July 2, 2009

I'm Deaf and Dying

Hope is the thing with feathers
That perches in the soul,
And sings the tune--without the words,
And never stops at all,
And sweetest in the gale is heard;
And sore must be the storm
That could abash the little bird
That kept so many warm.
I've heard it in the chillest land,
And on the strangest sea;
Yet, never, in extremity,
It asked a crumb of me.
- Emily Dickenson

Hope and encouragement are two of the most powerful words in our language. I am meditating on these words as I am aware of friends and family working through extreme difficulties. Sometimes all one has to hang on is the life raft of hope.

Arm-chair philosophers like to ponder the “why” of something happening. Numerous books have been written on the subject.

Before Husband and I married, his father was killed suddenly in a tragic car accident. We were separated by 1000 miles and I could not return to the Midwest. I wanted to send him something meaningful so I chose the book On Death and Dying by Elizabeth Kubler-Ross. This book is legendary and has helped many people work through life’s beginnings and endings as well as come to terms with the transition through stages of grief.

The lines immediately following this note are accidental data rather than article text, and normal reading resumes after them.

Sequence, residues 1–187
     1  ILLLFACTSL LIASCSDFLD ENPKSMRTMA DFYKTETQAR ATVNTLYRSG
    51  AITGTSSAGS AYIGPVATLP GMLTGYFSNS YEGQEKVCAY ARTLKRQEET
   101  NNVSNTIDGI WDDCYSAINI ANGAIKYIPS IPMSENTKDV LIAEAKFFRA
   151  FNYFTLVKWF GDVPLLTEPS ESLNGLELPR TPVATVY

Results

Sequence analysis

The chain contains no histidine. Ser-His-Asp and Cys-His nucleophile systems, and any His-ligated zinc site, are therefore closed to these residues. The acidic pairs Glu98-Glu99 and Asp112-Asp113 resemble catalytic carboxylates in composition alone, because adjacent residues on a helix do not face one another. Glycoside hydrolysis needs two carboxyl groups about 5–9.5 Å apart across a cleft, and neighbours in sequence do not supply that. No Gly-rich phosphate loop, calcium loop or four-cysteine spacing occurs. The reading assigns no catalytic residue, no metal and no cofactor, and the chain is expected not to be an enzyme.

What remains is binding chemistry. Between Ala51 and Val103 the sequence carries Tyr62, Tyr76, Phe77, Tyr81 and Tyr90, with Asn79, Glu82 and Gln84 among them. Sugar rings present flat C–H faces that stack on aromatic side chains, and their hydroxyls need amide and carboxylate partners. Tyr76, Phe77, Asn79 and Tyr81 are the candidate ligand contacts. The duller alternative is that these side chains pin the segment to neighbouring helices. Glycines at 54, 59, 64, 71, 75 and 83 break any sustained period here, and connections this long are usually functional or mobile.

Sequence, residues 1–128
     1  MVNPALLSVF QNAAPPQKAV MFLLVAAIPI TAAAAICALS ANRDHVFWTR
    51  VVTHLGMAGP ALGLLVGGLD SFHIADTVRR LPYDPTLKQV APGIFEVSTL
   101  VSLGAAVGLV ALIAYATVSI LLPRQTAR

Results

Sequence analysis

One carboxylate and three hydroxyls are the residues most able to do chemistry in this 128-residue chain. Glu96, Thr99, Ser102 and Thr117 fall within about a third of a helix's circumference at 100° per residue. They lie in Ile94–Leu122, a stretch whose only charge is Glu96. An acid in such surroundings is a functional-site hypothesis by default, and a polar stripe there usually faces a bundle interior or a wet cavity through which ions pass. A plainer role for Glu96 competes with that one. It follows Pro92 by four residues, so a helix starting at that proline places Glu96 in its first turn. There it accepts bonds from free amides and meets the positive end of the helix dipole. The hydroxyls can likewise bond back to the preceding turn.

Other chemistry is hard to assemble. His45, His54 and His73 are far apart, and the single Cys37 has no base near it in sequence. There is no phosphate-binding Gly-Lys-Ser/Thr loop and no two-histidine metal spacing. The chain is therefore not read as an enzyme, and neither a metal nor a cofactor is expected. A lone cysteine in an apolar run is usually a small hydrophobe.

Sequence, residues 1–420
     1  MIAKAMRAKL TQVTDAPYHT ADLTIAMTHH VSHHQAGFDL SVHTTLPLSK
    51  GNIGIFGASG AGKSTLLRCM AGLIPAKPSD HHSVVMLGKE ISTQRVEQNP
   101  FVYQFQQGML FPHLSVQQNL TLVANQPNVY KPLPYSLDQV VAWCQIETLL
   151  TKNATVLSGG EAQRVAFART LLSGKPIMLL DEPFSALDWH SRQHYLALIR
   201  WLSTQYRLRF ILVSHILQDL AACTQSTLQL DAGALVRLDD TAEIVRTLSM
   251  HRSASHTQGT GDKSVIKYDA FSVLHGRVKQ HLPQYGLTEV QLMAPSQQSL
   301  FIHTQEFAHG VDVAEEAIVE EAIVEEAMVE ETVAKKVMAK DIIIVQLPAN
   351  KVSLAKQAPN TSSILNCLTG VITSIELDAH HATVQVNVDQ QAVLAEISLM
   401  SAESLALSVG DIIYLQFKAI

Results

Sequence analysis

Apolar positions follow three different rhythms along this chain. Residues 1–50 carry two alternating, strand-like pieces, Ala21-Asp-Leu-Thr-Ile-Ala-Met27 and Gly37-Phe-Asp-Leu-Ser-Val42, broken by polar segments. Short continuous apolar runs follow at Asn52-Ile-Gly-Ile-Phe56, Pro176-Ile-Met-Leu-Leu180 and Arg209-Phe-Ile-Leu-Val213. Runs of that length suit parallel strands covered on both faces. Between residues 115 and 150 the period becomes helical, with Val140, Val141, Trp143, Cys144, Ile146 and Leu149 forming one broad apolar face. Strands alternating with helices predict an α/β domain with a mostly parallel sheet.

Shortly after his father’s death, I spoke to Husband on the phone to tell him I was mailing a book. He acted odd, and I chalked it up to the stress and strain of the sudden death. Later I learned he thought I said, I’m Deaf and Dying. That book probably would not have been very helpful.

Regardless, I have no answers on why bad things happen to good people. To paraphrase our president, that philosophical land mine is “beyond my pay grade.”

Many people believe that “things” happen for a reason. I once heard a rabbi pray at the Indy 500 race. After he prayed for the drivers in that race, their crew, and soldiers serving in the military, the rabbi added, “And God bless the Indiana Pacers in the NBA playoffs this week.”

Does God cheer for the Pacers or the Knicks or the Lakers, or does He gives teams the ability to be excellent if players chose to use and develop these gifts?

While I have no scientific proof, I believe that little bird of hope that Emily Dickinson talked about in her poem rests in all of us. From hope can grow encouragement. For others who have no hope, we can give them our encouragement and hope may blossom.

Cynics may say this is bunk. Perhaps it is. But I cannot live in a world with no hope. I’ve been a Cubs fan all my life, for gawd’s sake. I choose to live with hope and encouragement – the alternative is a void.

The Psalmist addresses hope in Psalm 130, “I wait for the Lord, my soul waits, and in His words I put my hope.”

Perhaps it’s easy for me to have a “glass full” attitude. My life has yet to be scarred with tragedies I’ve witnessed among family and friends. But I know when I have been troubled or burdened with life’s load, I have found the encouragement of others to be like manna from heaven, when the card comes in snail mail, or the phone call to say hello, or the bouquet of flowers. Encouragement easily blooms into a bouquet of hope. I will pay it forward. Quoth the raven.